5 Reasons Why San Angelo is the Most Cowboy City In Texas
There's a good way to tell that most people who write about cowboys and Texas don't know what they're talking about. If you google it, you'll see that Bandera, Texas, is most often cited by those who don't know it as the "Most Cowboy City in Texas."
Sadly, even the poor folks in Bandera seem to have it twisted. Look at this sticker they sell.
According to the US Copyright Office, no one owns the copyright on the slogan: "Cowboy Capital of the World." In fact, Bandera isn't even the only city that uses that phrase. Their emblem is service marked with that phrase on it, but as far as our research could find, the slogan itself is fair game.
For all those obvious outsiders so quick to jump on the "Bandera" wagon (ok bad pun, couldn't resist), we're about to unload a little reality check. To the whole world, here is why San Angelo is the Most Cowboy City in Texas.
First, True West Magazine has not named Bandera to their Top Ten True Western Towns list. At last count, San Angelo has made the list five years in a row. We were even #1 in 2022.
Bandera is also much smaller than San Angelo and doesn't have as big an anything cowboy.
Here are 5 Reasons Why Those Who Know Designate San Angelo As the Most Cowboy City in Texas
1) History: While Bandera and San Angelo have cowboy histories, San Angelo played a more significant role due to its prominent position on the Goodnight-Loving Trail. San Angelo was a main stop along the trail, and the Concho River provided a water source for the cattle and a supply stop for cowboys.
What happened on the Goodnight-Loving trail contributed greatly to the shape of cowboy culture in the Old West. This trail brought thousands of cattle from Texas markets to Kansas and was used by legendary cowboys like Charles Goodnight and Oliver Loving.
2) Rodeo: The rip-roaring San Angelo Stock Show and Rodeo is recognized as one of the best in the world. Bandera's "Cowboy Capital Rodeo" is much smaller and not well-known.
Since 1932, San Angelo's rodeo has been one of the largest rodeos in the state. The recently held "Cinch Chute-Out" is without a doubt one of the most exciting competitions in the sport.
San Angelo hosts other rodeo events, including the San Angelo Cowboy Gathering Ranch Rodeo. This event showcases traditional cowboy skills such as team roping, bronc riding, and calf branding.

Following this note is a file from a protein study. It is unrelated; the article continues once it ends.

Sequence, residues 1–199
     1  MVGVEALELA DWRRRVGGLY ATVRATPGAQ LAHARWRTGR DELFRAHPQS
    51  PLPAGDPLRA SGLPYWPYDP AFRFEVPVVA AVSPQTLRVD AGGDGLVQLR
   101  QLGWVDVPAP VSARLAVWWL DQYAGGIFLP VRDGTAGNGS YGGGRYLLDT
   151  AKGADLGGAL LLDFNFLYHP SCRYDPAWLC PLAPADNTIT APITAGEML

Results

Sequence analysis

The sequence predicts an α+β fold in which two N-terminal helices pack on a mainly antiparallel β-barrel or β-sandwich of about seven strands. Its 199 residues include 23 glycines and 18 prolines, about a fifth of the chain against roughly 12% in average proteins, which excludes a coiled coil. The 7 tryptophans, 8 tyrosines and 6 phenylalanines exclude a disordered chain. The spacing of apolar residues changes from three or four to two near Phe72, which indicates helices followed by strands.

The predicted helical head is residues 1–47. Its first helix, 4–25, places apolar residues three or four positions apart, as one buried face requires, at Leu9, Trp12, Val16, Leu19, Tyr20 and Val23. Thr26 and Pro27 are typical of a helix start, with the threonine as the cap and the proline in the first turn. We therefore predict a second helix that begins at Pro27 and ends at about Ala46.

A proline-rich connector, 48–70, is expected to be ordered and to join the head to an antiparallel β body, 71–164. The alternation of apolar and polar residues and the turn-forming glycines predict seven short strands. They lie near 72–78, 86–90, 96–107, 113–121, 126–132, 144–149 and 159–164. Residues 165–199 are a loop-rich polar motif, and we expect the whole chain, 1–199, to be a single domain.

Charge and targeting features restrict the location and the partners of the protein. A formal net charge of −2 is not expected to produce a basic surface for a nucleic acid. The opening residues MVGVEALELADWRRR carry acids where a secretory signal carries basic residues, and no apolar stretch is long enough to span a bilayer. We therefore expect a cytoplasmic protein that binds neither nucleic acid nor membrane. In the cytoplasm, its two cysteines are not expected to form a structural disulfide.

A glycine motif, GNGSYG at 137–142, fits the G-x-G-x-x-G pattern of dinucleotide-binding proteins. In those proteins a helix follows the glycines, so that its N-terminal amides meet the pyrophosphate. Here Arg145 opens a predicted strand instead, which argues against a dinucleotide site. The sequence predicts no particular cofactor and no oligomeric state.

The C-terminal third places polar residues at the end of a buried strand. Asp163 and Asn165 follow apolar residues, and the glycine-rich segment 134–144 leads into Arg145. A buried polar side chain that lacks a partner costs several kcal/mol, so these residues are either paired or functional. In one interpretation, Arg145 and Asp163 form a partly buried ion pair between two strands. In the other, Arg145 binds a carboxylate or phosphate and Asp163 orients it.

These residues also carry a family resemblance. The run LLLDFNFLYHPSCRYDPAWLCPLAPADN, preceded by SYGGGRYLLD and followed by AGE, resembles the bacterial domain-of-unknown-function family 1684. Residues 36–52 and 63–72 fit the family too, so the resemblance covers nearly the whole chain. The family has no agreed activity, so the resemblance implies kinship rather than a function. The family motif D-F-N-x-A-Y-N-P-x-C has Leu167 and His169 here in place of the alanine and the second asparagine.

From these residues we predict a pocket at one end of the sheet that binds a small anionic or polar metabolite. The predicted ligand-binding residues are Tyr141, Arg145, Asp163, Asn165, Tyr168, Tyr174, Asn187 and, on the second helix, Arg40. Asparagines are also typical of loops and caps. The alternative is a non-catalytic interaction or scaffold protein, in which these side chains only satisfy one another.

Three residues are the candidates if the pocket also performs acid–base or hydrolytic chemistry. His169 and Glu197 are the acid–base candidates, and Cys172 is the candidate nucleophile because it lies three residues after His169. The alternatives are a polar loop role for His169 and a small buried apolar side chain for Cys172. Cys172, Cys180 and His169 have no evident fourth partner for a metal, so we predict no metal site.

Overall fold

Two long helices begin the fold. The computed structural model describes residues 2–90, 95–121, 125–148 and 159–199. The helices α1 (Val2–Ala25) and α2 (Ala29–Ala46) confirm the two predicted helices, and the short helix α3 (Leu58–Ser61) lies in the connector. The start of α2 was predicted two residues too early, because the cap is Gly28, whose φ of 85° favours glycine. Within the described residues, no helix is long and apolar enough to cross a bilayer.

3) Ranching: While both Bandera and San Angelo are in the heart of Texas ranching country, San Angelo is home to more working ranches and cowboys who still practice the traditional cowboy way of life.
One thing that differentiates San Angelo is Angelo State University's extensive programs on ranch management and animal science. The university has a 1,900-acre working ranch that serves as a living lab for students.
Overall, San Angelo is home to thousands of head of cattle, and ranching is a significant part of the region's economy. Many family ranches in the San Angelo area have been in the same family for generations with highly skilled traditional cowboy skills passed down from generation to generation.
4) Western Art: Bandera has a few galleries that showcase Western and Cowboy-themed artwork. Let's give them some credit on that point. It's a mercy point.
San Angelo has a diverse art scene and several museums and galleries dedicated to Western and cowboy art. The San Angelo Museum of Fine Arts has a significant collection of Western art. That collection includes over 7,000 pieces.
The annual San Angelo Cowboy Gathering showcases cowboy culture through music, poetry, and art. Their art show showcases Western and cowboy-themed artworks from artists worldwide.
5) Cowboy Culture: Two words Fort Concho. Bandera was NOT the home to a frontier fort like San Angelo. In fact, Bandera doesn't have the same depth and breadth of cowboy heritage as San Angelo, which had a significant military and frontier history.
No city in Texas, maybe even the entire country, has more restaurants that feature classic cowboy fare than San Angelo. Iconic restaurants like the Western Sky Steakhouse are scattered throughout the area.
This cuisine was invented along the Goodnight-Loving cattle trail that ran right through San Angelo.
So, the next time you see an article on the internet or in a magazine or newspaper mentioning Bandera or any other Texas city as "the most cowboy" or "the cowboy capital," just smile before you get your dander up. When you see that kind of horse manure shoveled out there for public consumption, know it is not being peddled by anyone who knows Texas.
If they did, they would know San Angelo IS the true Cowboy Capital of the State.
LOOK: Route 66’s quirkiest and most wonderful attractions state by state